Kenyan model and activist Chris Waigwa stars in the latest MMSCENE PORTRAITS series titled “Portrait of Chris Waigwa” lensed by photographer Justin Anantawan.
As a gay man with HIV, Justin Anantawan has made it his mission in life to be visible as an activist and help other MSMs who are vulnerable to being infected with or living with the virus. Since 2019, he has been working in Kenya, photographing stories on HIV/AIDS in the gay community and carrying out outreach activities such as counselling, HIV testing and condom/lube distribution. Interventions like these are important as the Kenyan MSM community has an HIV prevalence rate of 18.3%, which is disproportionately higher than the overall national prevalence of 4.9%.
“I do this work because I know the emotional pain that comes with learning to accept an HIV diagnosis and dealing with stigma from other men in the community. Luckily, I have not been alone in this mission. Chris Waigwa, a local model I scouted here in 2019, my close friend, fellow baking enthusiast and photographic muse (featured in this editorial), also works in the field as an HTS (HIV testing service) provider and adherence counsellor. We work together to raise awareness about HIV/AIDS among the Kenyan gay community.“
Justin has interviewed Chris exclusively for MMSCENE about his work as an activist and the barriers gay men in Kenya face when it comes to sexual health. Read the interview below:
What is the social climate like for MSMs in Kenya?
It’s tense. To be queer is still considered wrong and immoral by most Kenyans. That being said, I feel that the younger generation is becoming more inclusive. With access to information from the internet, Kenyan youth are coming to an understanding that being queer is not a choice and that queer people are not evil. Now more than ever, there are multiple safe spaces where queer Kenyans can be themselves freely. Kenya is slowly but surely accepting the LGBTQI+ community.
What is the cause of this homophobia? How does homophobia contribute to HIV infections in the MSM community?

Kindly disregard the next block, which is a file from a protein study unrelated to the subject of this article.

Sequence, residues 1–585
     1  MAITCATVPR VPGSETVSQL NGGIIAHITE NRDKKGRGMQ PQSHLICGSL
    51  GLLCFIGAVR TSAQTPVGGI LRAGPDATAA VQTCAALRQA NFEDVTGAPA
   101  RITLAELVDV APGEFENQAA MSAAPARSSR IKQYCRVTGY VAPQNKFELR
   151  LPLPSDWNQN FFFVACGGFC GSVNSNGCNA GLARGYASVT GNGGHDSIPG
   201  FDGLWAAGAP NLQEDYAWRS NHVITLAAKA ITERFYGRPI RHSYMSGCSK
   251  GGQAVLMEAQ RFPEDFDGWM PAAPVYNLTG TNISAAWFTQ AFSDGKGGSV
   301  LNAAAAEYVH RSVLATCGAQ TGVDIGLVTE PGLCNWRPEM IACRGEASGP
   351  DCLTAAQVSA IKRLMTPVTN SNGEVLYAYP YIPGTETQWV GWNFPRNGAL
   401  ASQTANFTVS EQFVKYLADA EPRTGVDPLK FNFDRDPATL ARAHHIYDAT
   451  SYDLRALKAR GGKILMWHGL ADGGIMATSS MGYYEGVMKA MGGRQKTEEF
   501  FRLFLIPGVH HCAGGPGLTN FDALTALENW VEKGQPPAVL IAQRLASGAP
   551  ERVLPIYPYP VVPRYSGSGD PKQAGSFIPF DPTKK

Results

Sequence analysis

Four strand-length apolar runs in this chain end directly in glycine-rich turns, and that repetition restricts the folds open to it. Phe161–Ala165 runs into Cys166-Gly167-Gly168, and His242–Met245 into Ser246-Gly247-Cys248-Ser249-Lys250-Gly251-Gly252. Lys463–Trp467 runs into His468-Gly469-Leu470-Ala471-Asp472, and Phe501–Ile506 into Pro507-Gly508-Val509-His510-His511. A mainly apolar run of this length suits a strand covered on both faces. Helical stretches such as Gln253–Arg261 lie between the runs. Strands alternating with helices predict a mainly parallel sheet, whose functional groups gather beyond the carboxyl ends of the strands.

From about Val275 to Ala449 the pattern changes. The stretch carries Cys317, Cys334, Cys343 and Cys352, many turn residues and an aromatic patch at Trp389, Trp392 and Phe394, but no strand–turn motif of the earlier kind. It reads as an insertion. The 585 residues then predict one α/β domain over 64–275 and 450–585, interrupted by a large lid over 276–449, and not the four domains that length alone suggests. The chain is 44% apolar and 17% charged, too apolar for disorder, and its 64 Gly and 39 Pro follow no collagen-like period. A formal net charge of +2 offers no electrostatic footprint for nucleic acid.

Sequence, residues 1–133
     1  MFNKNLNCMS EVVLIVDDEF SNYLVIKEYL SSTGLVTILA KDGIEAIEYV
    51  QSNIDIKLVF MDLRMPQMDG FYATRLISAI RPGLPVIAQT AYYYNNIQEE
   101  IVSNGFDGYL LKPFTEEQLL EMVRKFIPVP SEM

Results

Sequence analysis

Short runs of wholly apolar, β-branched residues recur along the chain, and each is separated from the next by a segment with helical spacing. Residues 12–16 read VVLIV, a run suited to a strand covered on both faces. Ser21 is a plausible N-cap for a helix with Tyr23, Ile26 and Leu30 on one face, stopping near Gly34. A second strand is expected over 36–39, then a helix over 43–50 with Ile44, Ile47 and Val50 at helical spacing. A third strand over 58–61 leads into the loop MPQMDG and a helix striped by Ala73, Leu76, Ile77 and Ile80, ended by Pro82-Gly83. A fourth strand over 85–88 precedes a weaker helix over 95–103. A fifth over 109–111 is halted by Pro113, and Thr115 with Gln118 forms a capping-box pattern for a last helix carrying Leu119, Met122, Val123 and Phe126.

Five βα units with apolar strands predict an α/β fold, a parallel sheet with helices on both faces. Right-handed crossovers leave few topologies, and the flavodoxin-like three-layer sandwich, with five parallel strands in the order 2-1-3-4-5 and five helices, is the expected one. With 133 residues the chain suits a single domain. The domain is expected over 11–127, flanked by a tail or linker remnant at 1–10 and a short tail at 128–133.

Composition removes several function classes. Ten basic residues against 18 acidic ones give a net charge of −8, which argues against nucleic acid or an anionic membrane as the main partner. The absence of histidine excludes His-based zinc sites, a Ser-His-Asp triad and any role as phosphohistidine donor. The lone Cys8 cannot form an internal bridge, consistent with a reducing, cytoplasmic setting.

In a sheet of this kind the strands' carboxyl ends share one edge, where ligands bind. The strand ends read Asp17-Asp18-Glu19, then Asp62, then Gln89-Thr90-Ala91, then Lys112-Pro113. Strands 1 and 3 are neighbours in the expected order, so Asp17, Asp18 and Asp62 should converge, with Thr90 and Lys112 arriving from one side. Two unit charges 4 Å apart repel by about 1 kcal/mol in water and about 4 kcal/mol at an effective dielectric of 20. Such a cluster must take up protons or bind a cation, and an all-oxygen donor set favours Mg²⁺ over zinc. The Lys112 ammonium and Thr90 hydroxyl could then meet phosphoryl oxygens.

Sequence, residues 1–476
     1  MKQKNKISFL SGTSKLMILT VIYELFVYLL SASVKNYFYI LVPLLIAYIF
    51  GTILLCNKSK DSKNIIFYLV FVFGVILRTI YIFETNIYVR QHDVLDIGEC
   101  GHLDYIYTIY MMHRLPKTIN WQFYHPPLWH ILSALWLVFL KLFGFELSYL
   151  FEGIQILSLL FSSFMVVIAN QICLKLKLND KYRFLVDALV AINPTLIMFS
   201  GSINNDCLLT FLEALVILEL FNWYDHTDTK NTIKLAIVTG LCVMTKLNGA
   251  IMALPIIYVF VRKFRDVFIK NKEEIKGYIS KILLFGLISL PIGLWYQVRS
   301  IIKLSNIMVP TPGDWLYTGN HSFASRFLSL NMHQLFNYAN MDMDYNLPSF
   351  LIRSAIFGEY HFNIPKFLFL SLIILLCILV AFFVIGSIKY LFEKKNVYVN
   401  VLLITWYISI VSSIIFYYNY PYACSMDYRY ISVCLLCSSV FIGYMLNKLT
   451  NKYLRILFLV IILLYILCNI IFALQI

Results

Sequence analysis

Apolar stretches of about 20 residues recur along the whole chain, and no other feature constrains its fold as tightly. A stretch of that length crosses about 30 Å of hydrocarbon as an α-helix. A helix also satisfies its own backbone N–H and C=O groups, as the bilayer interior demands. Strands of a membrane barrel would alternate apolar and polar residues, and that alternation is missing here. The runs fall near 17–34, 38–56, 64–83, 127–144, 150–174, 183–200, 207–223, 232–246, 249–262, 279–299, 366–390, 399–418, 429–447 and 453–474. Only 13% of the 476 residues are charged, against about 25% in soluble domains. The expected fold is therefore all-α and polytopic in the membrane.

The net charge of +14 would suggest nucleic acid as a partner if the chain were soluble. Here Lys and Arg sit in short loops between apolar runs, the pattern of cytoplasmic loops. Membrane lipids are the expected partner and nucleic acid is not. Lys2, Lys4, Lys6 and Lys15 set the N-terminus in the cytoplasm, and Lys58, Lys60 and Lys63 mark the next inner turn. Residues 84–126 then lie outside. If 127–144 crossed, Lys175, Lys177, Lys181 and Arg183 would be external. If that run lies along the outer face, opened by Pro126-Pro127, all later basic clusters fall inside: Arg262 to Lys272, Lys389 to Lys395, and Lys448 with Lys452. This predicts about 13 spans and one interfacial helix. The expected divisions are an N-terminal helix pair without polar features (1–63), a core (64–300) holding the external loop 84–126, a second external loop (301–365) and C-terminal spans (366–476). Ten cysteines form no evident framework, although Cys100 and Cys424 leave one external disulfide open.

I don’t know what the cause of homophobia is. But I know that it is influenced by some corroded religious teachings, religion being a large part of Kenya’s culture. In Kenya, men who have sex with men find it hard to access material such as lube because of the stigma surrounding anal sex. Accessing treatment in government facilities is a challenge also due to stigma against gay sex. This results in men having sex without using the essential commodities like condoms and lubes and in case of infection, they are hesitant to seek help in fear of being judged and exposed.
What is your role as an HTS provider? Which organizations do you work with?
My role as a HTS provider is to test people for HIV, educate them and support them through the process. I work with Ishtar Wellness Centre as a locum HTS provider.
What are some barriers to men getting tested for HIV in Kenya?
Firstly there is stigma. Being weary of the kinds of questions they’ll get asked during testing, queer men don’t feel comfortable talking about their bedroom affairs with a stranger, be it a HTS provider, nurse or doctor, who could potentially be homophobic.
Secondly, lack of information. Some people don’t know the importance of regular testing. Without this knowledge, some clients take years before having a HIV test done. We usually recommend that everybody gets tested every three months.
We have some inclusive wellness centers in Kenya, but just a handful. Some queer folk have to travel across counties just to access these facilities where they can get services without discrimination.
What is your role as an adherence counselor?
I work to support people living with HIV through the process of treatment. We try to formulate individualized treatment plans with the client to ensure that they are comfortable with the ART routine.
What are some barriers to adherence amongst HIV positive men?
Again, a major barrier is stigma. In fear if getting found out, many people would rather forfeit medication than taking them around their friends or family. To avoid this, I encourage my clients to disclose their status to a loved one, someone who they would trust so that they have a safe environment as they under go treatment.